- You can develop AD at quite a young age. My youngest patient (so far) was 23. And considering that people have changes in their brains for 10-15 years before there are ANY symptoms, that patient must have had the disease since childhood. Early onset dementia is the focus of much concern by care professionals as the disease symptoms tend to be more involved than when it presents in the 70's and the social/monetary issues are different. Many many people present with AD in their 40's and 50's.
Among families where AD is present there is an over-riding fear of AD in the next generation. While the statisitics are surprisingly small, I would suggest mentioning it to your doc.
If you are a woman in your early 50's, menopause may be playing tricks on you. With menopause there are well-known changes in attention and short-term memory. Also there is insomnia and mood swings. These can give the impression that yoiu have early dementia.
Also in a 50 year old we would check for low thyroid, depression, and overwhelming or chronic situational stress which would cause anxiety and inattention.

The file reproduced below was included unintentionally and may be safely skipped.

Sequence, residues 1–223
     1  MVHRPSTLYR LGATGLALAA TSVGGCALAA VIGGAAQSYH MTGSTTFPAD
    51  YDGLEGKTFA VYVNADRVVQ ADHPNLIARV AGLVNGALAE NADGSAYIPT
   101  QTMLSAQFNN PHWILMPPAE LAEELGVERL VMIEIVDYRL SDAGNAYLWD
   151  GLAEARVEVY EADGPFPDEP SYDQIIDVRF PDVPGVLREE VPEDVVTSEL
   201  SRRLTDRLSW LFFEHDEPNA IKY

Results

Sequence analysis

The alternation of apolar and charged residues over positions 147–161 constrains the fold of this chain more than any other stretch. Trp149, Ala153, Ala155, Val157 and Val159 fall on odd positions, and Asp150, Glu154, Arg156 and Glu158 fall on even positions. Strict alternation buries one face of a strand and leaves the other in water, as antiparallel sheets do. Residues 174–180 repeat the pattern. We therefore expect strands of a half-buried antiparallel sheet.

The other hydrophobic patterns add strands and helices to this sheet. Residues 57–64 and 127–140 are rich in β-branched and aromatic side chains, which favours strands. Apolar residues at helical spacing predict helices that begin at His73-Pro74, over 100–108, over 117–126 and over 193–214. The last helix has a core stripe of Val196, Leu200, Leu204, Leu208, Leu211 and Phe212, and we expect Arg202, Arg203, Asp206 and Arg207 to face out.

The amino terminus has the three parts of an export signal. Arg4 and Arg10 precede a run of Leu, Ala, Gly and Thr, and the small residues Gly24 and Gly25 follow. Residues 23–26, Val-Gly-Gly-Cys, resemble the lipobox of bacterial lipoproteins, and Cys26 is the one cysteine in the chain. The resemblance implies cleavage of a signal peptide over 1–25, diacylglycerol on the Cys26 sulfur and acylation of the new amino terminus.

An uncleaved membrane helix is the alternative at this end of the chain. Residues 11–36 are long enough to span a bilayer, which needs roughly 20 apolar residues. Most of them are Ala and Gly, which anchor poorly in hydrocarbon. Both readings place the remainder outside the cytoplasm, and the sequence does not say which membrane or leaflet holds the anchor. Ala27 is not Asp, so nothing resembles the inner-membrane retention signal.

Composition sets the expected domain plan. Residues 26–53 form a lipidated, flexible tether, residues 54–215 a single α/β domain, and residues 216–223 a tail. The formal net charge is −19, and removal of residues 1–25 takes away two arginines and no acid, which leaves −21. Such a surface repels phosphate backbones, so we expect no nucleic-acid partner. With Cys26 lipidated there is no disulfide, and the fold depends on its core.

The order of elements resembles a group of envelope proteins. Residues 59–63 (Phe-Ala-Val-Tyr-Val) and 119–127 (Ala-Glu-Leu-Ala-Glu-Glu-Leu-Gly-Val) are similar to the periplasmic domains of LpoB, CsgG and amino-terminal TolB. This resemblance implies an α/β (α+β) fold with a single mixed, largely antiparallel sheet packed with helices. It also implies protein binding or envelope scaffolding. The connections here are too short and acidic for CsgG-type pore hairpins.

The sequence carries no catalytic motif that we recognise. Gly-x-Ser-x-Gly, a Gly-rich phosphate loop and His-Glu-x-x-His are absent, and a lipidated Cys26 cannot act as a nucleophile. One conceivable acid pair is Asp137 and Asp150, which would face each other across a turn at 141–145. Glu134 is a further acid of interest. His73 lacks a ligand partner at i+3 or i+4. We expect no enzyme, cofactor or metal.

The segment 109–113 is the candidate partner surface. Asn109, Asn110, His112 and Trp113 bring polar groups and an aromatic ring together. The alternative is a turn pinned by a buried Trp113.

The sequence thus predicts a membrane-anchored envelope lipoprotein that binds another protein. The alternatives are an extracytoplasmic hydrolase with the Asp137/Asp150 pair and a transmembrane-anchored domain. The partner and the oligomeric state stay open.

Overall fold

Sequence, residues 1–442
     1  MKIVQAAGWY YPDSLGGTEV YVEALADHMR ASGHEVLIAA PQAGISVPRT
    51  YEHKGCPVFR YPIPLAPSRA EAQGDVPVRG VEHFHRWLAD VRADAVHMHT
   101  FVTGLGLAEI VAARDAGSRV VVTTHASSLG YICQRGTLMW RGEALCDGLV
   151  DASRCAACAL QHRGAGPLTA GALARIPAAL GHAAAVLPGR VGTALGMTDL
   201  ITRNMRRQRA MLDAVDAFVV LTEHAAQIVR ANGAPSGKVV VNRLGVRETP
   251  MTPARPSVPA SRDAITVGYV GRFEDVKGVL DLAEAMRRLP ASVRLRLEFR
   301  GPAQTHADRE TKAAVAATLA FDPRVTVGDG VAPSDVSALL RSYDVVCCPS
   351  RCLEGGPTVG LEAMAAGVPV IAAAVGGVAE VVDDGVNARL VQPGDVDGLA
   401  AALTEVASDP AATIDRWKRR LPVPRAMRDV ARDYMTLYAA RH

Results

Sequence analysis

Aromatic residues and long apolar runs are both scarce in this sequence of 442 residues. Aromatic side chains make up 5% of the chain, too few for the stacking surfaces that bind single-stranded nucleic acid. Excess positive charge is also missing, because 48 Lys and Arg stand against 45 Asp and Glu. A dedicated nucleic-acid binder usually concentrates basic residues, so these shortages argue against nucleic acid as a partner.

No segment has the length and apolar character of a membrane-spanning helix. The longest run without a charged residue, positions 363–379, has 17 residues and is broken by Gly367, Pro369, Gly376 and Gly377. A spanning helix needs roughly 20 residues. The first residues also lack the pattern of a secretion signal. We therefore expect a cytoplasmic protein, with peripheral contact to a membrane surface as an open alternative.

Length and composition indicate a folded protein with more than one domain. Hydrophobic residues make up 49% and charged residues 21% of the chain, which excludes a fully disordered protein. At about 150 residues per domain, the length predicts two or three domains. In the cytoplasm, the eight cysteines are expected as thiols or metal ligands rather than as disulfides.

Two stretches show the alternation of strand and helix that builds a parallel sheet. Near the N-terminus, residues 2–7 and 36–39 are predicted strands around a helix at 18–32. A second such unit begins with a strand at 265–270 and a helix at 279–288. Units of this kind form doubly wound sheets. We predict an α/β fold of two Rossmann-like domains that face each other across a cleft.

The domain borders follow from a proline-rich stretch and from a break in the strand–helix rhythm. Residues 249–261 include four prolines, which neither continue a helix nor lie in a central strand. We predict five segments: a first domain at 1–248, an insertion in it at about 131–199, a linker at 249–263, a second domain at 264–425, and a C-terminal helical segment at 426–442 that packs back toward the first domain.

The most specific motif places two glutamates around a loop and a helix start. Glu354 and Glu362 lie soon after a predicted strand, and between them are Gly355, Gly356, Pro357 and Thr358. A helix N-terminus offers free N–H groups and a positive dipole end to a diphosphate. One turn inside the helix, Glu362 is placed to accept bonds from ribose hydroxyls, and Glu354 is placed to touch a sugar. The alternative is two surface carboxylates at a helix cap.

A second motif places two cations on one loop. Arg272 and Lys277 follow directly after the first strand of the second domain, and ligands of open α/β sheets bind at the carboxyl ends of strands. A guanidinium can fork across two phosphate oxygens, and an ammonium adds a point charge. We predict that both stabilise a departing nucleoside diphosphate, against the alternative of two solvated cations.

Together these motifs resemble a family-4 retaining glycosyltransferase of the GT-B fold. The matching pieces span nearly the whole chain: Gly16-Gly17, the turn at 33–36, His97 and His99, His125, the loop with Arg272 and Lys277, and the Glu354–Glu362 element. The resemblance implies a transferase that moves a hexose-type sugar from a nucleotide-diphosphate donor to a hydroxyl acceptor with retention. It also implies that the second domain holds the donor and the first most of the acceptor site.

- What is the difference between dementia and AD? Dementia is a word that describes a set of symptoms indicating permanent and usually progressive damage to the "thinking/doing/remembering/behavior/laguage, and sensory interpretation areas of the brain." When we say dementia we look for a progressive loss of intellectual, planning, day to day function, etc.
In a way, saying you have dementia is a similar type of over-arching symptoms similar to the word "Infection." If you have an infection you have pain, redness, swelling, heat, etc no matter where it is on or inside the body. But there are dozens of germs that cause infections such as TB, staph, strep, e-coli, etc.
With dementia there are dozens of causes. Alzheimer's is simply one cause, the most common in older adults so you hear the most about it. Allpatients with Alzheimer's disease have dementia but all people with dementia do not have Alzheimer's disease.
Other causes of dementia (there are about 100) include fronto-temporal dementia, multi-infarct/vascular dementia, Lewy body dementia, Huntingdon's chorea, alcoholisma, repeated trauma (injury) and so forth.
Hope this helps
Geri R Hall, PhD, ARNP, GCNS, FAAN
Advanced Practice Nurse
Banner Alzheimer's Institute